Children’s Allergies Cost the U.S. around $25 Billion Per Year
For a young child, dealing with food allergies can be tough since they have to watch every thing they eat or risk a potentially fatal reaction. Even though the allergies might be directly affecting the children, parents are also negatively affected because they have to worry about what kinds of food their children might come into contact with once they are no longer home. Aside from the family, food allergies are also costing the country a lot of money. According to a new study, researchers estimated that food allergies cost the United States around $25 billion every year.
In this study, the research team headed by Dr. Ruchi Gupta, a pediatrician from Ann & Robert H. Lurie Children's Hospital of Chicago and a professor at the Northwestern University's Feinberg School of Medicine, interviewed 1,643 parents across the nation. The parents all had at least one kid with a food allergy. The researchers calculated that the overall cost was $24.8 billion a year or $4,184 per child. The annual cost was reduced to $20.5 billion if health insurance was taken into account.
The researchers found that the biggest cost that resulted from the children's food allergies was the income parents were forced to give up to tend to their children's medical situation. 9.1 percent of the parents reported that their children's allergies reduced some type of work-related opportunity cost. The team calculated that the lost of work-related tasks cost the U.S. $14 billion. The second leading cost, which totaled $5.5 billion that was caused by the medical condition, was caring for the allergies by buying special foods, putting children in allergy-sensitive schools and making special arrangements for their children to attend facilities that have banned certain allergic foods.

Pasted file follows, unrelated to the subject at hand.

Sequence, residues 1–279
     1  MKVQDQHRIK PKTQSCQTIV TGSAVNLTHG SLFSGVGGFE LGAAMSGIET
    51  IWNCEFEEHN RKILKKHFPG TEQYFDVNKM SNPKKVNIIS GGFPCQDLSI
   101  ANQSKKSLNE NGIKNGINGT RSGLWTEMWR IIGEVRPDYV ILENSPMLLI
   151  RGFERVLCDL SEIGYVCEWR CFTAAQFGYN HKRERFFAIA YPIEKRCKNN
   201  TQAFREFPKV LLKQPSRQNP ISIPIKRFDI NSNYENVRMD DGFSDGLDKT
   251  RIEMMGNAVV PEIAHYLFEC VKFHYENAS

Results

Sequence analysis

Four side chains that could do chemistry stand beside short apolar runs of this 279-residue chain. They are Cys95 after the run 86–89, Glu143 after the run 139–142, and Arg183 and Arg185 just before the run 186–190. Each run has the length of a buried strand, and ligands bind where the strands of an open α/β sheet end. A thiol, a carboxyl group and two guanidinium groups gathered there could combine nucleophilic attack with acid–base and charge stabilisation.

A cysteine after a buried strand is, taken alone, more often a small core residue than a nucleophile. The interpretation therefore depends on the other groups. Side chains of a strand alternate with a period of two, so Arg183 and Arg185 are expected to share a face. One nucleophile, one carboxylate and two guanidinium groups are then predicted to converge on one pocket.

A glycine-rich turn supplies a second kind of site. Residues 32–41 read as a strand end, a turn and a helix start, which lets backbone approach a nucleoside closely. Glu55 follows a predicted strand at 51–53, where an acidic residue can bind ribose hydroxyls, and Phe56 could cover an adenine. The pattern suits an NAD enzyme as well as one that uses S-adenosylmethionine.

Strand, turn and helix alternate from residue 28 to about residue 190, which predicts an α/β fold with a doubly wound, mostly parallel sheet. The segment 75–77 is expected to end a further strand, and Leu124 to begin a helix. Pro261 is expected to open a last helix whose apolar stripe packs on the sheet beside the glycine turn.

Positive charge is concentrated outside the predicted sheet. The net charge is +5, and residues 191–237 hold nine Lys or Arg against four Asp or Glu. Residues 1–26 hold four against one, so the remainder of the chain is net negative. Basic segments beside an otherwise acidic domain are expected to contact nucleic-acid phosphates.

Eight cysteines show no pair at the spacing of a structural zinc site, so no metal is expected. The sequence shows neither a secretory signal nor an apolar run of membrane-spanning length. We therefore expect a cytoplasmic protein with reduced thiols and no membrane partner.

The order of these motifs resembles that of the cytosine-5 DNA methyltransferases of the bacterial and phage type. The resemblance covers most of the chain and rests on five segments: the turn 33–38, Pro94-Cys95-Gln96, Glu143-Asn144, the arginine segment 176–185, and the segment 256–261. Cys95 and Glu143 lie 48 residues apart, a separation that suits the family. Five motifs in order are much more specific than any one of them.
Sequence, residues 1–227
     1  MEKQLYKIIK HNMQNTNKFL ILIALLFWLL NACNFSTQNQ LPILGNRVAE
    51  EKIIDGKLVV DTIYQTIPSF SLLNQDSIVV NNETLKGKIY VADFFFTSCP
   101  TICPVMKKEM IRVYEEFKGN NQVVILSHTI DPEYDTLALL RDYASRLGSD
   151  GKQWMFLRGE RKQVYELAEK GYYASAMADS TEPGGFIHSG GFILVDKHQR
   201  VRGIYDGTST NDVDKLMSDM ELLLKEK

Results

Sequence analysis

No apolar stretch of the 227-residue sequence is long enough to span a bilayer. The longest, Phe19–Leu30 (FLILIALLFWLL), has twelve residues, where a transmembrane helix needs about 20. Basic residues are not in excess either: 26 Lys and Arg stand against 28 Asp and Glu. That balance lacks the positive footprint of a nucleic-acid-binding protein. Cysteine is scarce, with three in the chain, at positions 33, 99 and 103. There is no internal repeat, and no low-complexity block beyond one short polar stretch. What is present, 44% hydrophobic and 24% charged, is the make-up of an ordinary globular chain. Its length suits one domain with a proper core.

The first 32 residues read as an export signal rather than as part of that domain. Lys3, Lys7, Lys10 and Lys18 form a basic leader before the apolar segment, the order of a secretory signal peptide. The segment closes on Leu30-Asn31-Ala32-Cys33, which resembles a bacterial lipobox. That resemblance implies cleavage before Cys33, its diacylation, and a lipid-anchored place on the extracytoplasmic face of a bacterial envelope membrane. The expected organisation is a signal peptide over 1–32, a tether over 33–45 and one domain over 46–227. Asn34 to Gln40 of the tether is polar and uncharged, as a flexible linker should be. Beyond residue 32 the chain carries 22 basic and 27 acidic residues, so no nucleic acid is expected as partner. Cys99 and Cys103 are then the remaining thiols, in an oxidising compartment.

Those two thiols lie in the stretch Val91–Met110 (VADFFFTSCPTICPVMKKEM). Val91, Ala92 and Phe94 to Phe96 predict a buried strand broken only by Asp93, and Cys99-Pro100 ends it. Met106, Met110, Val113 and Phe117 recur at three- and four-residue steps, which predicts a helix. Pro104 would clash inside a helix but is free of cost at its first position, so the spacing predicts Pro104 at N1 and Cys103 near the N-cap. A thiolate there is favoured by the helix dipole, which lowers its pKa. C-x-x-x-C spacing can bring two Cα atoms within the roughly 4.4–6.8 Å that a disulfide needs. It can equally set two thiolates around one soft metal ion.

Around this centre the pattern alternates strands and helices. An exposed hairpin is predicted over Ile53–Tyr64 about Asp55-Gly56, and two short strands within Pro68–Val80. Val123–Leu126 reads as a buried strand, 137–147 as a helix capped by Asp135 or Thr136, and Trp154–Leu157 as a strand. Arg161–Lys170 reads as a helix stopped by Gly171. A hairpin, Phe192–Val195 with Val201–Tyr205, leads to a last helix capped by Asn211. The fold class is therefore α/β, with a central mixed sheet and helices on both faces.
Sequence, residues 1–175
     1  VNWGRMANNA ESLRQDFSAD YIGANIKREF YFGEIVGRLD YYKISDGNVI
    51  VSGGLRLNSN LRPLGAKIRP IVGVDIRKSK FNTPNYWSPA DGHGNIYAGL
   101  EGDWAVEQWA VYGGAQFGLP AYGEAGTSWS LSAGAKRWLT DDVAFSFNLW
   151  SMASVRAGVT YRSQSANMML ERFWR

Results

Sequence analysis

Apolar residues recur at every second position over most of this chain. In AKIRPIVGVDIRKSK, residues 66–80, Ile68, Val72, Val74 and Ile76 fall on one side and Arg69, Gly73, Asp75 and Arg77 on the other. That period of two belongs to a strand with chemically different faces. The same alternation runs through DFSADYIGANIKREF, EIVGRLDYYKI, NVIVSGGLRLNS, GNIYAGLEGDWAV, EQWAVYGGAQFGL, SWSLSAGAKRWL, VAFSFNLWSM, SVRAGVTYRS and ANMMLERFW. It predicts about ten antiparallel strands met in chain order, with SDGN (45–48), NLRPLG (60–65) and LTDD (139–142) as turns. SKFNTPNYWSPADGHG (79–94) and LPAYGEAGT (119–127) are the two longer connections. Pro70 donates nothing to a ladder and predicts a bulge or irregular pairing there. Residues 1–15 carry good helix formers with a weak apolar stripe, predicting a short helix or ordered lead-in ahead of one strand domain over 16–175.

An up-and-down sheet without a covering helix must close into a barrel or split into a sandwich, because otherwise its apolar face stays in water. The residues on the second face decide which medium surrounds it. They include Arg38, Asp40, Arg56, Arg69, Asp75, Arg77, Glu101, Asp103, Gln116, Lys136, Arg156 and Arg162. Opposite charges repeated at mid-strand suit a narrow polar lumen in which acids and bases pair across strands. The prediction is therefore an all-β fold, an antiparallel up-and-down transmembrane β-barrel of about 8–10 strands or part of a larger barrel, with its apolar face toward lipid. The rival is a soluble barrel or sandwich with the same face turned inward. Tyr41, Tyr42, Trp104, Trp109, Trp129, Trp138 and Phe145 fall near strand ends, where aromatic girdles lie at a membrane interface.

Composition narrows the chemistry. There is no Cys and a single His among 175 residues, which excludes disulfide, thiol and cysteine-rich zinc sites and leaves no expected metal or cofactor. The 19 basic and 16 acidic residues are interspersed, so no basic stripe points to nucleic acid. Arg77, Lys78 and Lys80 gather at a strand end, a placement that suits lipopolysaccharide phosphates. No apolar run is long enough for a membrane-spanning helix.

The third group of costs added up doctor appointments, hospital stays, emergency room stays and other medical expenses. This group accounted for $4.3 billion. The last section was the cost of lost productivity of the parents who had to go to these appointments. This accounted for $773 million.
"[Parents] often need to be at school, social events, or camp to educate and affirm the seriousness of their child's condition," the authors wrote according to the LA Times. "In case of an emergency, caregivers may not be able or willing to take a job that requires travel or many hours away from their child."
Food allergies affect around eight percent of American children. The most common food allergies are peanuts, milk and shellfish. The study was published in JAMA Pediatrics.